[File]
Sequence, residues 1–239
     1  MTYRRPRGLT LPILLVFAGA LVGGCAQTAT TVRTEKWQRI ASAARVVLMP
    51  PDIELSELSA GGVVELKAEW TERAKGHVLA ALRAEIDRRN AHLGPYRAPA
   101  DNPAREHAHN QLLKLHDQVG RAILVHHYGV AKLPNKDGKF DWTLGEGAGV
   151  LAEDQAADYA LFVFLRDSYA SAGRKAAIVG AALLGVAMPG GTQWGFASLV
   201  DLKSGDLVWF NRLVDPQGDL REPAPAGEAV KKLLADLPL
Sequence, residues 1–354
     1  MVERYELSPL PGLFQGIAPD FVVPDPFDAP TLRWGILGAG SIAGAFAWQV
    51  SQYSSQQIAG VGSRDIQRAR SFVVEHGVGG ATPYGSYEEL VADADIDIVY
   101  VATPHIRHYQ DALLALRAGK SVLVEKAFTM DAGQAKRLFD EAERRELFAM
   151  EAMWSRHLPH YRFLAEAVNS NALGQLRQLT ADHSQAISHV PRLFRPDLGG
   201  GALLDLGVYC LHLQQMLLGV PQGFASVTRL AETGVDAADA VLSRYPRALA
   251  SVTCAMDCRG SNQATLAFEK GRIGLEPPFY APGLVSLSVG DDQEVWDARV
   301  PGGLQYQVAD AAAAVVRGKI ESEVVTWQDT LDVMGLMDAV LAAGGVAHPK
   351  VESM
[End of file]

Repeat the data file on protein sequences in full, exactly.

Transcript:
Sequence, residues 1–239
     1  MTYRRPRGLT LPILLVFAGA LVGGCAQTAT TVRTEKWQRI ASAARVVLMP
    51  PDIELSELSA GGVVELKAEW TERAKGHVLA ALRAEIDRRN AHLGPYRAPA
   101  DNPAREHAHN QLLKLHDQVG RAILVHHYGV AKLPNKDGKF DWTLGEGAGV
   151  LAEDQAADYA LFVFLRDSYA SAGRKAAIVG AALLGVAMPG GTQWGFASLV
   201  DLKSGDLVWF NRLVDPQGDL REPAPAGEAV KKLLADLPL
Sequence, residues 1–354
     1  MVERYELSPL PGLFQGIAPD FVVPDPFDAP TLRWGILGAG SIAGAFAWQV
    51  SQYSSQQIAG VGSRDIQRAR SFVVEHGVGG ATPYGSYEEL VADADIDIVY
   101  VATPHIRHYQ DALLALRAGK SVLVEKAFTM DAGQAKRLFD EAERRELFAM
   151  EAMWSRHLPH YRFLAEAVNS NALGQLRQLT ADHSQAISHV PRLFRPDLGG
   201  GALLDLGVYC LHLQQMLLGV PQGFASVTRL AETGVDAADA VLSRYPRALA
   251  SVTCAMDCRG SNQATLAFEK GRIGLEPPFY APGLVSLSVG DDQEVWDARV
   301  PGGLQYQVAD AAAAVVRGKI ESEVVTWQDT LDVMGLMDAV LAAGGVAHPK
   351  VESM